Community Winter 2015
Celebration of Community


Nearly 300 community members gathered for Celebration of Community, an event hosted by the Greater Cedar Rapids Community Foundation, on Tuesday, November 17, 2015 from 4 – 6 p.m. at Theatre Cedar Rapids to celebrate and recognize the work of nonprofits and the impact of grantmaking in our community.

“The programs and services of nonprofit organizations make our community a better place for all of us to live,” said Les Garner, President & CEO of the Community Foundation. “The nonprofit sector deals with some of our community’s greatest public challenges and opportunities. We are proud to work together with these organizations to improve the lives of our fellow citizens.”

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Kathy Hall and Dave O'Clair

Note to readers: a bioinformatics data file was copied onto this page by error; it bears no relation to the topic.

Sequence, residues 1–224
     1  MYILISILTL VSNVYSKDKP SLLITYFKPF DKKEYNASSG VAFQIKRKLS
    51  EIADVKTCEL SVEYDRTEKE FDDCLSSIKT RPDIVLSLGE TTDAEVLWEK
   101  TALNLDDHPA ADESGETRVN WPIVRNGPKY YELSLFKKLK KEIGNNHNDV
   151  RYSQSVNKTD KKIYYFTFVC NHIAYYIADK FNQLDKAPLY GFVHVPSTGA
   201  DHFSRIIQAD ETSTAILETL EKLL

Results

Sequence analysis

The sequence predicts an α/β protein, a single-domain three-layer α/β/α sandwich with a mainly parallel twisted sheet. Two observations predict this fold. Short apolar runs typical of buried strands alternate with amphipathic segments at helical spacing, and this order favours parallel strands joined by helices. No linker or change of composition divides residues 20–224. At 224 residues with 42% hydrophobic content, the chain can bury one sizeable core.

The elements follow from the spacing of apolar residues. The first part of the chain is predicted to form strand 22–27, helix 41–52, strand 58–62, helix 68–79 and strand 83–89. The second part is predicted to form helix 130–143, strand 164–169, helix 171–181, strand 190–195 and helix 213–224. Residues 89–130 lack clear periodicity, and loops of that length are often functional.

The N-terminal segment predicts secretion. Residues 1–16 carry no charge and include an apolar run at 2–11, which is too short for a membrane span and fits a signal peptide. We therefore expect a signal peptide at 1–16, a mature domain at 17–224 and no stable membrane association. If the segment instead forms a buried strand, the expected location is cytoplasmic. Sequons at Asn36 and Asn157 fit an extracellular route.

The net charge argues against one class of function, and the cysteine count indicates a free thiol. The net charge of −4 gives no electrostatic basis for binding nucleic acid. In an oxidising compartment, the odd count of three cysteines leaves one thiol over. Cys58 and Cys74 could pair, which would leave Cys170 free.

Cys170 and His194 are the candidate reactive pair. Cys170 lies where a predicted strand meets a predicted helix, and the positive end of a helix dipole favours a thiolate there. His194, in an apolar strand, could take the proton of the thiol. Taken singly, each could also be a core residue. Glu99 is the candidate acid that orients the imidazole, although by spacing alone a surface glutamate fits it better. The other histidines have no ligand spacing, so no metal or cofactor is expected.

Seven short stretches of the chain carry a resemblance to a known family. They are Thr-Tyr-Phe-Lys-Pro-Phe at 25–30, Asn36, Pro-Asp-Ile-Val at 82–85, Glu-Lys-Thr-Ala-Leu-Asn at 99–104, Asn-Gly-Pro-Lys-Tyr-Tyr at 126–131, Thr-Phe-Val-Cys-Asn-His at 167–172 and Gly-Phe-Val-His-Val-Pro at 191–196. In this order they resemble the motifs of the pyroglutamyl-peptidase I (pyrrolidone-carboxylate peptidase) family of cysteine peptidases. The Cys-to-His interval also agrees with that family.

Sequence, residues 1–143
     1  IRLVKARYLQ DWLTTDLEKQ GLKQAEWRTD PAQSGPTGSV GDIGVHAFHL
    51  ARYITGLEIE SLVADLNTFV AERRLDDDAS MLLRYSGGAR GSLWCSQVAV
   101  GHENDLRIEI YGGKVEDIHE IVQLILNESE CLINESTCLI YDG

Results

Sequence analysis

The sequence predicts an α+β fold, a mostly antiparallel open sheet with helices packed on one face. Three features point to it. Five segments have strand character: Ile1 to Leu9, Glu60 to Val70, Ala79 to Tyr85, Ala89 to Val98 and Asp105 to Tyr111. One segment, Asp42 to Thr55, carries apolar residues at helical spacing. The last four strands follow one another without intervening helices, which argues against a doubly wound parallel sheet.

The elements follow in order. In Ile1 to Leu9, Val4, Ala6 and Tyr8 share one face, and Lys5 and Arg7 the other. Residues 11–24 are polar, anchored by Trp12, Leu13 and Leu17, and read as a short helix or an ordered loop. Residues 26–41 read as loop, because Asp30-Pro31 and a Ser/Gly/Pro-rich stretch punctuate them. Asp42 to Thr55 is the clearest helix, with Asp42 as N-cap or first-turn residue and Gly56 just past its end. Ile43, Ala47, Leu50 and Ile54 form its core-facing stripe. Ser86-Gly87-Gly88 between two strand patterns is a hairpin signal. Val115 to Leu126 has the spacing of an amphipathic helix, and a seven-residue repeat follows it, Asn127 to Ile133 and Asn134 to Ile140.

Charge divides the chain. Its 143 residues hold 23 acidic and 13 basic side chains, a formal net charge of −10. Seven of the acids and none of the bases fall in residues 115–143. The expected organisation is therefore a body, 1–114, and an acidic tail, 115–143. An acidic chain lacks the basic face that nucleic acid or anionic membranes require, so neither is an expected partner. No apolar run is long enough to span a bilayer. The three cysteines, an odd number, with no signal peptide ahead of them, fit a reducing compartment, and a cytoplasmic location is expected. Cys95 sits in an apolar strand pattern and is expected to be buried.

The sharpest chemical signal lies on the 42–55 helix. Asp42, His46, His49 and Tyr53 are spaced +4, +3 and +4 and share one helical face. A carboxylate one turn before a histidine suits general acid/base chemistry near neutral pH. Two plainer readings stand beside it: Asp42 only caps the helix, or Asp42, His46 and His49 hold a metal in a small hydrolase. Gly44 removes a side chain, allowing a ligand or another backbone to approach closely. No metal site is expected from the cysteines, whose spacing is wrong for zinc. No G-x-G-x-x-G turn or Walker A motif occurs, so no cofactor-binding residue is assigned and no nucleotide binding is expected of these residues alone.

Nonprofit Leadership Excellence Award

Kathy L. Hall
Vice President, Development, Kirkwood Community College
Executive Director, Kirkwood Foundation

Throughout her 25 year career in the nonprofit sector, Kathy has influenced many organizations and touched many lives.

In addition to her leadership in her professional roles at Kirkwood Community College, and formerly at the Greater Cedar Rapids Community Foundation and Cedar Rapids Symphony Orchestra, Kathy gives much of her time serving on boards and as an informal peer advisor for many nonprofit professionals.

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Minnie Rubek Staff Excellence Award

Dave O’Clair
Facilities Director
Four Oaks

Dave O’Clair has held many positions in his 25-year career with Four Oaks. He began as a social worker, working with boys with challenging mental health and behavior issues.

Eventually, Dave moved into facilities roles including the management of the reconstruction of 400 apartment units at Cedar Valley and Hawthorne Hills. Dave tirelessly worked with clients with mental health challenges to solve their issues. He managed the challenge of moving people around by being available to work with them at all hours and days of the week.

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Cobbs and Coppocks

Philanthropy Leads to Summer Learning Innovation